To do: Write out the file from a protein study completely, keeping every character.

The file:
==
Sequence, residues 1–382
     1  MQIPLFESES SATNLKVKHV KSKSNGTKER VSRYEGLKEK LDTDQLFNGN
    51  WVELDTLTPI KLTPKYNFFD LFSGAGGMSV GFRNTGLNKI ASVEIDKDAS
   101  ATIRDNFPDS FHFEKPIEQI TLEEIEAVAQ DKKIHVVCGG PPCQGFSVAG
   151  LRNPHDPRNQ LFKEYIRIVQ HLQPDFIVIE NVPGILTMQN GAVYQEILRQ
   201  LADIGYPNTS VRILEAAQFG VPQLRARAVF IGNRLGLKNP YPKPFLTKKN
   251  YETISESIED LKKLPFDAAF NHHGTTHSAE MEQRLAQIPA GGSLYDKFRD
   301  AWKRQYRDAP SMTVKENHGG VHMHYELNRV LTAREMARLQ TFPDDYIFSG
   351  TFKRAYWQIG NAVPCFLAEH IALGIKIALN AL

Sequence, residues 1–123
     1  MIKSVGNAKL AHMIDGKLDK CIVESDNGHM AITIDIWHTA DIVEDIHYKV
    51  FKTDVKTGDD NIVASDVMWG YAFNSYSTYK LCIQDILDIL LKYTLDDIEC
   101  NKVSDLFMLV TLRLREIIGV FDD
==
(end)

Sequence, residues 1–382
     1  MQIPLFESES SATNLKVKHV KSKSNGTKER VSRYEGLKEK LDTDQLFNGN
    51  WVELDTLTPI KLTPKYNFFD LFSGAGGMSV GFRNTGLNKI ASVEIDKDAS
   101  ATIRDNFPDS FHFEKPIEQI TLEEIEAVAQ DKKIHVVCGG PPCQGFSVAG
   151  LRNPHDPRNQ LFKEYIRIVQ HLQPDFIVIE NVPGILTMQN GAVYQEILRQ
   201  LADIGYPNTS VRILEAAQFG VPQLRARAVF IGNRLGLKNP YPKPFLTKKN
   251  YETISESIED LKKLPFDAAF NHHGTTHSAE MEQRLAQIPA GGSLYDKFRD
   301  AWKRQYRDAP SMTVKENHGG VHMHYELNRV LTAREMARLQ TFPDDYIFSG
   351  TFKRAYWQIG NAVPCFLAEH IALGIKIALN AL

Sequence, residues 1–123
     1  MIKSVGNAKL AHMIDGKLDK CIVESDNGHM AITIDIWHTA DIVEDIHYKV
    51  FKTDVKTGDD NIVASDVMWG YAFNSYSTYK LCIQDILDIL LKYTLDDIEC
   101  NKVSDLFMLV TLRLREIIGV FDD